"Capital-R Reality" is not a secret. In fact, God gave the Torah, so that we can align our perception of reality with His. All of Torah is designed to help us see creation and life in this world as God does, so that we can live spiritually constructive lives and earn eternal portions in the World to Come.

We start life with "small-R reality" only. As babies and young children, we only know what WE want, and care less what others think. The process of growing up and spiritually maturing is to apply one’s mind to develop a vision of reality until it matches God's. If we are successful, then we "naturally" do that which is in keeping with the purpose of creation, bringing satisfaction to both God and ourselves. On the other hand, if we follow our whims, we end up constructing a life model based on false premises.


Like any parent, God gives His children time to develop their understanding of what is right and wrong, and even leeway to err here and there. The problem is when "small-R reality" infringes too much on the goals of "capital-R Reality," even to a dangerous extent. That is when God, like any responsible parent, puts His foot down, so to speak, and imposes His will upon history, to help us get back on track.

God puts His foot down, to help us get back on track.

Anyone who knows Torah and Jewish history understands this point. We may not like it or want to accept it as true, because of the implications. Yet always, God has the final word. "Capital-R Reality" has veto power over "small-R reality."

When I imagine the recent mega-terror, my mind short circuits. One morning shuts the entire civilized world down for a day, and may have set in motion a scenario for the End of Days. It should never have happened. It was all so amateurish, both the way the attack was carried out and the way it wasn't prevented. It reminds me of a little moth who flies into a super-computer and shuts the entire system down.


There are already people who want to use this attack against so many innocent people as proof that God doesn't exist, or, if He does, to say that He doesn't get involved in the affairs of man. Not that these people spoke much about God before the attack, but they feel vindicated in having ignored Him until now.

There is something very faulty and hypocritical in this way of thinking.

For others, they believe in God and saw what happened as being from Heaven, but they are angry about it. They are furious that God let such evil be perpetrated, allowing so much pain to be inflicted on so many innocent families. Also a faulty and dangerous way of relating to God and life.

Then there is a small group of people who look at what happened in the context of all of Jewish history, because, in spite of the fact that it occurred in New York City and not Jerusalem, does not change the focus from the Jewish people so completely. This we are finding out with each passing day since the attack has created strange consequences for Jews all over the world.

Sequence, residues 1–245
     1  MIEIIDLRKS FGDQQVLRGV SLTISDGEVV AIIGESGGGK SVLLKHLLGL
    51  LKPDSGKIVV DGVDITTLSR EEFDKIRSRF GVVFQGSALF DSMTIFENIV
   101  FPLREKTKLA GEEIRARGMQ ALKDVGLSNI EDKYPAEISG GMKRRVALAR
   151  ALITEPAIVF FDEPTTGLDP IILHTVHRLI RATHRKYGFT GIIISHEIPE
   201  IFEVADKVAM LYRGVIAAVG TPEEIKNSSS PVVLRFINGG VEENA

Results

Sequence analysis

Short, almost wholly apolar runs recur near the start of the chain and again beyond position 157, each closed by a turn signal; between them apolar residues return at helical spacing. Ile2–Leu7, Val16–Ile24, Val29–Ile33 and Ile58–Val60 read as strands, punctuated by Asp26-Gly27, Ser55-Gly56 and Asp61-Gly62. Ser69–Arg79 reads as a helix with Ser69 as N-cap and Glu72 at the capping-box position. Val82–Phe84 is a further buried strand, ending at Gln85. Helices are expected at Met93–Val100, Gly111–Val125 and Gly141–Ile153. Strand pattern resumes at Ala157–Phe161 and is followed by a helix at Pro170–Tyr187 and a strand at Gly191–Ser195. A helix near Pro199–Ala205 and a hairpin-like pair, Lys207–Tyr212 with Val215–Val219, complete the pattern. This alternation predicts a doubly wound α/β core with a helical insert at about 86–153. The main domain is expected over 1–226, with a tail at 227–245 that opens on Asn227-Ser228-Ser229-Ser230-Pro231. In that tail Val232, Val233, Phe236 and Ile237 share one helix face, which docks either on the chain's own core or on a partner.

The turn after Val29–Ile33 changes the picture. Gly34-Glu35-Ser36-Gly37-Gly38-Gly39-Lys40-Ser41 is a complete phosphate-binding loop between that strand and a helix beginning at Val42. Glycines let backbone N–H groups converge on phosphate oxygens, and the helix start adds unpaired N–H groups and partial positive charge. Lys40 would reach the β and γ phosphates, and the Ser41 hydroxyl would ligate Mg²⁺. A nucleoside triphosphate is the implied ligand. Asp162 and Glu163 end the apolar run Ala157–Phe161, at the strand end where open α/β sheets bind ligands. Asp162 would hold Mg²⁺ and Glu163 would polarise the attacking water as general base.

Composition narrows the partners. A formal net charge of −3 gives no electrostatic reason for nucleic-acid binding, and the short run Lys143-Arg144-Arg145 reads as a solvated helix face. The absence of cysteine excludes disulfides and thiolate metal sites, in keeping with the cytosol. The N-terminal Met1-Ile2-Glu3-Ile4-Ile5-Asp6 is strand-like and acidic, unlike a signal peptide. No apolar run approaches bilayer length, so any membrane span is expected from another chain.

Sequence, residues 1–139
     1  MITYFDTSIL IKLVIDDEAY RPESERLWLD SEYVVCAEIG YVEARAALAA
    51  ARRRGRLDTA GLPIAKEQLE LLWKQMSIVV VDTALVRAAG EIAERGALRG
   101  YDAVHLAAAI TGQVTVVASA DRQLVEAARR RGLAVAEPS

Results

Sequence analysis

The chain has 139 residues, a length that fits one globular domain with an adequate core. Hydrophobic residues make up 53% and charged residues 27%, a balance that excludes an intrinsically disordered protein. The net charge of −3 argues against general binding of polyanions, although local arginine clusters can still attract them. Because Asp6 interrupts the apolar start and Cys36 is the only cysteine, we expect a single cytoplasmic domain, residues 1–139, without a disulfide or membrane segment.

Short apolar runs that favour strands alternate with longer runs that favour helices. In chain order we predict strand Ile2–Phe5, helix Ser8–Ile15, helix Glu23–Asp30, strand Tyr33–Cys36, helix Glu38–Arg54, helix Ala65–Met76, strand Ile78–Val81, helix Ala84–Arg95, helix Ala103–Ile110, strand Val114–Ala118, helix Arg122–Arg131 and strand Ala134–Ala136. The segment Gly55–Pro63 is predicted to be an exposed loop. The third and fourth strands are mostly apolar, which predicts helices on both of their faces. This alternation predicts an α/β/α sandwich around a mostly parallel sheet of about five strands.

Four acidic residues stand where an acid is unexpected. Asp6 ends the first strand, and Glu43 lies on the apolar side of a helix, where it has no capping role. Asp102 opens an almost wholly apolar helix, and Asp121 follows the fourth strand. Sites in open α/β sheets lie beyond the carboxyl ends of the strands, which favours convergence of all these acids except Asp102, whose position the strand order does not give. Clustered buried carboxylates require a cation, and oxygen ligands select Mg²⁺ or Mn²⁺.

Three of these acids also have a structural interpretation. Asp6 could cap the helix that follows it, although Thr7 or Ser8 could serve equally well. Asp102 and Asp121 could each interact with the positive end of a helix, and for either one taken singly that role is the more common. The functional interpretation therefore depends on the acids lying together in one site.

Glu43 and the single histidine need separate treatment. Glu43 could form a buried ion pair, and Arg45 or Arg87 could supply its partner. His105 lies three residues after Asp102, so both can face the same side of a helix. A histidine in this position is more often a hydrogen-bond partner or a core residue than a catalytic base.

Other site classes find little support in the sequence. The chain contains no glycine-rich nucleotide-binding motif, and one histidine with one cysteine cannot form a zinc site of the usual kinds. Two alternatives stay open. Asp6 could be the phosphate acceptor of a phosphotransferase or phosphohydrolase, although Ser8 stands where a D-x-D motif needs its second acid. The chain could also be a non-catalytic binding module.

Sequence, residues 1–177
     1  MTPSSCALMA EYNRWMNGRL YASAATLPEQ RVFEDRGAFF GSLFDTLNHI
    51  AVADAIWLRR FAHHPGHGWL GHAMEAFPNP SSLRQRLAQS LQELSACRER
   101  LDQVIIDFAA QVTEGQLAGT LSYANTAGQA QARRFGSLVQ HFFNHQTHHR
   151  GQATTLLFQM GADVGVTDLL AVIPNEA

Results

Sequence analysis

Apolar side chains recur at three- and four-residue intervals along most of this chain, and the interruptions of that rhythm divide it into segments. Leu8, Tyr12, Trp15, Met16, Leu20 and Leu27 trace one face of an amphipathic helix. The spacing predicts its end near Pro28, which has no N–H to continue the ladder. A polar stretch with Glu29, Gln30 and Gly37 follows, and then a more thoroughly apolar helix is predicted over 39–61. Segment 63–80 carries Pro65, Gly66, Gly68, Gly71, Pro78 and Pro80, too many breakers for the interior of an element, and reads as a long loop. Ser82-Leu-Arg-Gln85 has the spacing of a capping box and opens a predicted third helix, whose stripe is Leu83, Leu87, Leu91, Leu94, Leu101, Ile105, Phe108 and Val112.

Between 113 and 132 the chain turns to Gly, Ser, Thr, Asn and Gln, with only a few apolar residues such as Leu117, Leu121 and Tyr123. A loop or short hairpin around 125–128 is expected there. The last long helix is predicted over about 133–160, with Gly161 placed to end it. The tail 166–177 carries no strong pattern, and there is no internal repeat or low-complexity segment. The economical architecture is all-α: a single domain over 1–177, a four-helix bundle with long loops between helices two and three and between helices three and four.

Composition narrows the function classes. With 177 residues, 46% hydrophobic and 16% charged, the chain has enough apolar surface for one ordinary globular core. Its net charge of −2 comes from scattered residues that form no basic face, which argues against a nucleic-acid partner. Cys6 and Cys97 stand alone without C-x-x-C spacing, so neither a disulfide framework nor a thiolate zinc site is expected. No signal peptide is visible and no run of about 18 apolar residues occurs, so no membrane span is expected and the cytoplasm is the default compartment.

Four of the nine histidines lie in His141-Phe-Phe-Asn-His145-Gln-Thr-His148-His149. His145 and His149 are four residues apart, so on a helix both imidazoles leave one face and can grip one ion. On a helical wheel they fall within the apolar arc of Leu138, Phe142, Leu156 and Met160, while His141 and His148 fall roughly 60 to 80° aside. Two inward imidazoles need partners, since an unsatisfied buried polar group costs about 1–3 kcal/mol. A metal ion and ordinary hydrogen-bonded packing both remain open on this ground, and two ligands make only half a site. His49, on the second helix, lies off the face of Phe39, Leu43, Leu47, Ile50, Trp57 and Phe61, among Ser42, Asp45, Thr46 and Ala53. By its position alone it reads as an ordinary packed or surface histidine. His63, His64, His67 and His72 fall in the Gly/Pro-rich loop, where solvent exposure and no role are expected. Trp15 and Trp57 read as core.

The point is not to return to normalcy as quickly as possible.

This third group won’t try and explain why one person was miraculously saved and why another person wasn't; only God can do that. Furthermore, this group cries over the tragedy just as anyone else does. However, they have difficulty just picking up the pieces in order to re-build what was lost. There has been a paradigm shift and they want to know what it means.

The point is not to return to "normalcy" as quickly as possible. The point is to understand how our previous "small-R reality" was misguided and how this event is a message for change.

That is precisely the point of Yom Kippur: to align our "small-R reality" with God's "capital-R Reality." If we have made costly mistakes, it is because we let our versions of reality supercede God's. Repentance and atonement is the process of evolving our perception of truth into God's perception of truth, so that, in the words of the Talmud, "His will can become our will and our will can become His."

This year, Yom Kippur came early, imposed upon us from Above.


This awakening happened, and is still happening. It has set many things in motion, things that may have severe consequences for our own lives and the world in general. Even world leaders have hinted at this, though they appear unable to articulate exactly what that message is.

This experience tells us that the King is coming. Not a flesh-and-blood king, but The King, the Real One. History has an end and a purpose, all contained in "capital-R Reality." The very surrealness of current events begs one to stop and think about the deeper implications of it all, and to wonder if our "small-R reality" is being forced to give way to a much larger, more Biblical version of reality.

Yes, this sounds strange. The very word "Bible" seems to imply events from the past, a time long gone, never to be seen or heard from again. However, that's always been an assumption, only part of "small-R reality."

If the yearly Yom Kippur is to make us think about our versions of reality and to see where they differ from God's, then how much more so is this true of the "Yom Kippurs of history," those events that shake us and cause a seismic shift in perception. If the perennial Yom Kippur is the time we come face-to-face (so to speak) with our Creator, to rejoin with Him and commit ourselves to His plan for creation, how much more so must this be the case this year, in the midst of one of the great Yom Kippurs of history.

We are one step closer to Reality. This year, it will surely be a very different Yom Kippur than ever before.